9. They completely overlook other factors that cause lack of productivity at work, too. Lots of smokers take several extra breaks a day that non-smokers do not take. And Muslims pray five times a day (early morning, around noon, around 2:30, around sunset, and again around 7pm. So it is likely that at least two extra breaks are taken during working shifts by Muslims. So fatness also causes you to smoke and convert to Islam. Who knew?

  10. What I’ve read here does not surprise me one bit. I’ve worked in health care my whole career and I know that pharmaceutical companies pay scientists heaps of money to do these studies…if only the results paint that company in a good light. This is why there are so many conflicting “studies”…e.g., one study says coffee is good for your health, one says it will kill you, one study says a vegetarian diet is the best, another says it will give you cancer…ad nauseam, till we don’t know what to believe. It’s disgusting and one of the reasons these pharmaceutical companies need to be regulated.

  11. I am SOO glad you mentioned this article and have been waiting for the day you would.

    My hubby is a Duke Alum and gets the Alumni Magazine which I read every month because it’s a rollicking good ride, runs the gambit from “Well, that’s actually a very good point” to “Are you @*&$ing serious?? GET THE HELL OVER YOURSELVES!!” because there’s very much an attitude of “We are Duke. We are genetically superior to you.”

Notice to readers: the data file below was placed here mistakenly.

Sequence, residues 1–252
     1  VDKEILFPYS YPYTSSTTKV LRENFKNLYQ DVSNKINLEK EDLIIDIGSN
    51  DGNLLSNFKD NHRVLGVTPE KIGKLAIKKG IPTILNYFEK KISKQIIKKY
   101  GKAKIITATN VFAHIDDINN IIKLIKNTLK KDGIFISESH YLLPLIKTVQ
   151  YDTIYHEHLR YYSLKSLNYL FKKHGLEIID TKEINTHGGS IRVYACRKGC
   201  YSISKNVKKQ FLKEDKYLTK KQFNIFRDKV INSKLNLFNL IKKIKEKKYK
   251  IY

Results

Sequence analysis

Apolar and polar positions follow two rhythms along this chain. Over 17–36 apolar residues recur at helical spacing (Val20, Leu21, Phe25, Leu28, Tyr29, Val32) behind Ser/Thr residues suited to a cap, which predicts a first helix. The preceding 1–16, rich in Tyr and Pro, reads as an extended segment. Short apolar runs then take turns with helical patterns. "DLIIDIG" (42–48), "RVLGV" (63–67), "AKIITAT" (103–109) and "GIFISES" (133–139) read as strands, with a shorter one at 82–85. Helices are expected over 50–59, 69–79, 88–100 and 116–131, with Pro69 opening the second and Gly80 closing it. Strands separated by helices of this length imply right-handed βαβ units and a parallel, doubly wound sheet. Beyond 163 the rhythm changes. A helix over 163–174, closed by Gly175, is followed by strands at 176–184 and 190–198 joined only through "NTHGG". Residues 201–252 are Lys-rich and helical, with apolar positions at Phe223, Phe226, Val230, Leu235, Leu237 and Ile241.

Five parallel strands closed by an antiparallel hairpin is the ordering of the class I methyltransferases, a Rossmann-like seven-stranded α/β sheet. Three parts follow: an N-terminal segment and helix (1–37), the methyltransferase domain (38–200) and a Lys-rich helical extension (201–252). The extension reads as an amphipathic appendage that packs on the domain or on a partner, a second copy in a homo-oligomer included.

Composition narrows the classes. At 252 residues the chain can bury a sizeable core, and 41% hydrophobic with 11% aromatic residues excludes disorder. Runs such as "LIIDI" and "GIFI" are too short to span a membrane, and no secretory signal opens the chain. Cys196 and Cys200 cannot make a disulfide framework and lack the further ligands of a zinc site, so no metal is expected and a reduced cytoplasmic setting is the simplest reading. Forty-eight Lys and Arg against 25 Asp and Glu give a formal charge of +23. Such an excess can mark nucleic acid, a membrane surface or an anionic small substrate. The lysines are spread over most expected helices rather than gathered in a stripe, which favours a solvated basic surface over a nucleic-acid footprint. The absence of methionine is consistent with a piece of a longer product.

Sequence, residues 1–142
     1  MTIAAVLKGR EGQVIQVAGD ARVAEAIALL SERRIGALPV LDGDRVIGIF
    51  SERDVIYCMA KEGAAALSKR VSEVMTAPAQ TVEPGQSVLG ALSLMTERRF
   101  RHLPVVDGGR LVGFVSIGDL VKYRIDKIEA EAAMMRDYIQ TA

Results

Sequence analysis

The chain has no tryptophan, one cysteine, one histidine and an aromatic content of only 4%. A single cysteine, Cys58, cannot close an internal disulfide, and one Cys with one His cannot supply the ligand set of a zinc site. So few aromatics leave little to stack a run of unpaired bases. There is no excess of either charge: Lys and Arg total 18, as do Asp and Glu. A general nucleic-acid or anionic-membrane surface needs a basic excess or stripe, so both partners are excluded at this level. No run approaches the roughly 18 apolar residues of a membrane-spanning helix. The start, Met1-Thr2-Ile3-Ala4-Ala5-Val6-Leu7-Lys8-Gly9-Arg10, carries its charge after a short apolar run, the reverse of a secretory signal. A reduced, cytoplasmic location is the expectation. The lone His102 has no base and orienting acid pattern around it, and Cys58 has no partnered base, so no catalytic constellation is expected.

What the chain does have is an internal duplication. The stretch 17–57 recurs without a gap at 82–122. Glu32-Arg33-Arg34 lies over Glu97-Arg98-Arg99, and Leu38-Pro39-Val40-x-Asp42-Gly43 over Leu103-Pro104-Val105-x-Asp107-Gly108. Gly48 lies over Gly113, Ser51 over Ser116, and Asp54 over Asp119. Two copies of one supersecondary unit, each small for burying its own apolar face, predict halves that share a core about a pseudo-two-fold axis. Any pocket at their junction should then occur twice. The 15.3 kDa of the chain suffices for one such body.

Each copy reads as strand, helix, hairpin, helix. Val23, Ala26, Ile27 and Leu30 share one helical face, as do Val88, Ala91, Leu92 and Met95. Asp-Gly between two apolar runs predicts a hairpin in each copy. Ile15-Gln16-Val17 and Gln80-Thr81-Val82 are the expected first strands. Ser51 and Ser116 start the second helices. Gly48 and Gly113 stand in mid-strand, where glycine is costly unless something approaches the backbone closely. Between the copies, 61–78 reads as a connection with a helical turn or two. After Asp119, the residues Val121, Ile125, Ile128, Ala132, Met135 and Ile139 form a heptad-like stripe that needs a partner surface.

When I read that same article, I was as outraged as you were. I don’t have the mathiness that you do–in fact, I’m hamstrung by dyscalculia–but even I could see the data and the conclusions drawn were based on a very shaky framework, namely, the BMI.

    So I did a little research into the history of the BMI. If you haven’t looked at its backstory, go read it on Wiki. It will stun you how this indication of health, which is based on pretty much a trial-and-error approach, has become the gold standard for health…and insurance coverage.

    I’ve kept a blog for a good 10 years now. A group of us took part in WTF Fridays for a while where we tackled inane ideas like this. Here’s the entry I wrote for that same article (and if this violates a rule you have about linking other blogs, I apologise…and feel free to remove it):



  12. So… I got thyroid cancer two years ago because my BMI’s over 25? I better go tell my doctor so he can warn others.

    I’m higher maintenance health-wise than the average bear, but not a single thing I’m dealing with is even remotely connected to body weight.

  13. Duke University, huh? As in “We burn babies” Duke University? As in “We killed a pre-teen illegal alien by transplanting the wrong blood-type heart and lungs into her after she was moved to the top of the transplant list because she was a Clinton pet project” Duke University? THAT Duke University? Yeah… “Credible” is NOT their middle name…